He won the lag, broke, and nearly ran out. We were off to the races! I had a decent run of 5 balls or so, then rattled a pocket. He ran out and sunk the 8 to go on the hill in the 3-2 race. In game two he broke dry and I ran a few balls but realized the layout didn't support a run out, so I played a safety when the opportunity arose. It was an OK safety, but did leave him a bit of a shot. He made the shot, ran several, then missed. I ran a few more and missed. He got to the 8-ball first... and then scratched on the 8! I broke and game three was pretty similar to game two with both of us having decent runs and him beating me to the 8... then scratching again on the 8-ball to put me on the hill!!! I couldn't believe it... and neither of his scratches were  something he could have done on purpose (in my opinion)... there were rails and ball deflections involved in both of them... it was crazy!

But in any case, I found myself on the hill and about to break... and seemed to have karma on my side. I went for an 8-ball break and got good movement on the 8, but it didn't drop. It was a good break spread-wise, and I dropped two stripes so I was hoping I could run out - the only real challenge was the 8 being frozen to a solid. I indeed ran out except for the 8... which I tried to break out during the run, but missed. So I played a quasi-safety to break out the 8 and put it in better position, figuring I'd probably get another turn due to the layout of his balls. I did get another turn, and blew it! Ugh. But I improved the position of the 8 in the process. I got a second shot at the 8 and sunk it, winning the match.

Four games... 9 total innings... I played two defensive shots and he played one - and I burned an extra inning on the 8 in the last game so it certainly wasn't a typical match against a SL 3!

It was one of the more bizarre situations I've had in a long time - but I didn't let it get to me, concentrated on my game, and ended up prevailing (with luck on my side for sure). As we've heard many times - it ain't over 'til it's over.

I guess in closing I have a chance to badmouth the APA handicap system but I won't. All in all, I think it's a good system and meets its goal of allowing so-so players to compete with better players and vice-versa. It's not a perfect system for sure, but I certainly don't have any brilliant ideas to make it better. I know from experience that the APA is very sensitive to the possibility of "sandbagging" - particularly at high-level tournaments. They do what they can to keep things fair, and I appreciate that.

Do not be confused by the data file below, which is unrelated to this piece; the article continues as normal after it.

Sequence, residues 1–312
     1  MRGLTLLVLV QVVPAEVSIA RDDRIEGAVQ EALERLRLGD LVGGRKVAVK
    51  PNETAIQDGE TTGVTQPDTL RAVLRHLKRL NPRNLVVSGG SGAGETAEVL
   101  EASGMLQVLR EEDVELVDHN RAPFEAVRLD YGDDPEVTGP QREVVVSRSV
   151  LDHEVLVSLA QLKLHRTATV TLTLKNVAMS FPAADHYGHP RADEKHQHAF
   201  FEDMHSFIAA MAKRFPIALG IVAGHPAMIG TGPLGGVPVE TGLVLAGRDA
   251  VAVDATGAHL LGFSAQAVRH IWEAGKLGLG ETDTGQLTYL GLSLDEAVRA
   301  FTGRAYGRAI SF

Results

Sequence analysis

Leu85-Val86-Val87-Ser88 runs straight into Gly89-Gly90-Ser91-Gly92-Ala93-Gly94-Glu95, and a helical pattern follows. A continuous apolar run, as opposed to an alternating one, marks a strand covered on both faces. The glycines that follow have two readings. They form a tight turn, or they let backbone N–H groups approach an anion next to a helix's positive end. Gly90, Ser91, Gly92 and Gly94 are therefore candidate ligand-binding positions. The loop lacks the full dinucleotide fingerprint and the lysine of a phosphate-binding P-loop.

I know for sure that I've been the beneficiary of a favorable handicap as well. As I've mentioned before, I do tend to be pretty inconsistent at times. As a result, I have been accused of sandbagging myself. I honestly have never ever tried to manipulate my handicap. I also don't try to second-guess the magical APA computer. In situations where I'm asked to declare my SL, I declare it as I know it to be in the computer. I play my game and play to win, period. Sometimes it goes well... sometimes it goes extremely well... and sometimes I stink it up big time. Next Saturday I'll be hitting another Team Nationals qualifier tournament (9-ball) with what should be an extremely favorable handicap... so we'll see how it goes.

Monday, June 7, 2010

There Just Might Be A Future In Defense

I'm at the stage of my game where I'm having to pay more attention to defense. Instead of just "sinking balls faster than the opponent does" or "oh my gosh I missed, but I'm not playing against someone who can run out" I'm having to work defense into my game more and more.

I knew the time would come... and thanks to my voracious appetite in reading, I have a pretty good handle on strategy and defensive theory but I've often fallen short on the execution side. Of course, many defensive shots are very difficult to pull off... often more difficult than a typical offensive shot because you need the softest of touch at times, or very VERY fine control of cue ball position because there's such a small window in which to hide it. And, as I'm sure many of you out there know, bungling a defensive shot sucks. Sucks really bad. When I choose a defensive shot over an offensive shot that I felt I had a 50% chance of making and then screw up the defensive shot I find myself regretting the choice even if it was "the right thing to do." The answer of course is practice, but how many people spend much time specifically on defensive shots? How much time do you spend on defensive shots?